Select "New Variable" in the select box under "Google Analytics settings" and enter your GAU Tracking ID (available from Google Analytics) in the field "Tracking ID".

Click "Save".

As trigger, select the trigger you have just created, "cookieconsent_statistics".

Click "Save" to create or update the tag.

This is what your final GAU tag configuration should look like (except for the Tracking ID):

Finally, click "Publish" to push your changes live to your site.

Google Analytics Universal is now enabled on your website and in compliance with the consents of your visitors.

Controlling cookies with multiple triggers 

While the approach above is efficient when using only one trigger on a tag, you need a different approach when controlling cookies on tags with multiple triggers.

In Google Tag Manager, a tag will fire if any of the triggers on a tag evaluate to true. Since we want the tag to fire only when the existing trigger and the relevant cookie consent event both evaluate to true, you must add a condition to the existing trigger instead of adding the cookie consent trigger to the tag itself. Trigger conditions must all evaluate to true in order for the trigger to fire.

The values of the cookie consent trigger condition to add are: Event - equals - cookieconsent_marketing.

Replace "cookieconsent_marketing" with  "cookieconsent_preferences"  or  "cookieconsent_statistics", depending on the type of cookies set by the tag.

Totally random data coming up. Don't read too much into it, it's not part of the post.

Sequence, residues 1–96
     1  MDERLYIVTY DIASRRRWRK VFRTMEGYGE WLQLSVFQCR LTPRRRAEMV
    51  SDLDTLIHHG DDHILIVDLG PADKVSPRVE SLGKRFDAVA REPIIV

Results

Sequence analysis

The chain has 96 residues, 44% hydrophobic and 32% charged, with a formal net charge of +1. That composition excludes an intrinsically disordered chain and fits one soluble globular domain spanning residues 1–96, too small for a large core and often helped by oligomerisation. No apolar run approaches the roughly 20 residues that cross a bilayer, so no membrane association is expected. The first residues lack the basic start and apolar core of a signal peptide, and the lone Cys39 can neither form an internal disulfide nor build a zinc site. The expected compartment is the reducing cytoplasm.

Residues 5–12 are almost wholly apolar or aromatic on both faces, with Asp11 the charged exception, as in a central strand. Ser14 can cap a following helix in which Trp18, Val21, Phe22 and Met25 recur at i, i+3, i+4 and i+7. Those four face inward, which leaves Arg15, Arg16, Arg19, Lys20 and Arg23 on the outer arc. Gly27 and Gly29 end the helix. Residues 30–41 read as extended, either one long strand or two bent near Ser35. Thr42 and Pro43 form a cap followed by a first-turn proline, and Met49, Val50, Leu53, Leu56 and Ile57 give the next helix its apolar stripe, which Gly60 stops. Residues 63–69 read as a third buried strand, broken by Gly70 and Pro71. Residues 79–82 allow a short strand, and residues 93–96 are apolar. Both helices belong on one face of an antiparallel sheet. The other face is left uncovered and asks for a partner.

Example on adding a cookie consent condition to an existing trigger:

If your trigger is of a different type than "Custom Event", eg. "Click - Just Links", you will not be able to define a trigger condition based on an Event as illustrated above. In this case you need to define a new "User-Defined Variable" of type "Custom JavaScript" for each category of cookies. 

Create a user-defined variable and name it "Cookiebot.consent.marketing". In the field "Custom Javascript", enter the following snippet:

  return Cookiebot.consent.marketing.toString()

Repeat these steps to create a variable for "preferences" and "statistics"-cookies as well by replacing "marketing" in the above variable name and Javascript.

Now go back to your trigger configuration and add a new condition referring to one or more of the above variables, e.g. "Cookiebot.consent.marketing" - contains - true

Please note: If your existing trigger is of the event type "Page View", you need to change it to event type "Window Loaded" since the visitor's consent is not available to Google Tag Manager before the window has loaded.

3. Implementing the cookie declaration

If you want to display the cookie declaration for your website in full length on a specific subpage, e.g. on a separate cookie declaration page or as part of your privacy policy, Google Tag Manager can inject the declaration in real-time into an empty HTML placeholder element on the subpage, identified by attribute "id" or a classname.

First you need to create a new trigger with the path to the page in question, e.g. "/privacypolicy".

From the Triggers list, click "New" and select "Page View" as type on the "Choose trigger type" pane.

Select "Some Page Views" and define this condition for the trigger to fire:

url path - equals  - /privacypolicy

Click "Save" to create the trigger.

This is what your trigger configuration should look like (except the final url path):


From the Tags list create a new "Custom HTML Tag". In the field "HTML" copy/paste the snippet below and replace the Cookiebot serial "00000000-0000-0000-0000-000000000000" with your own serial as described earlier.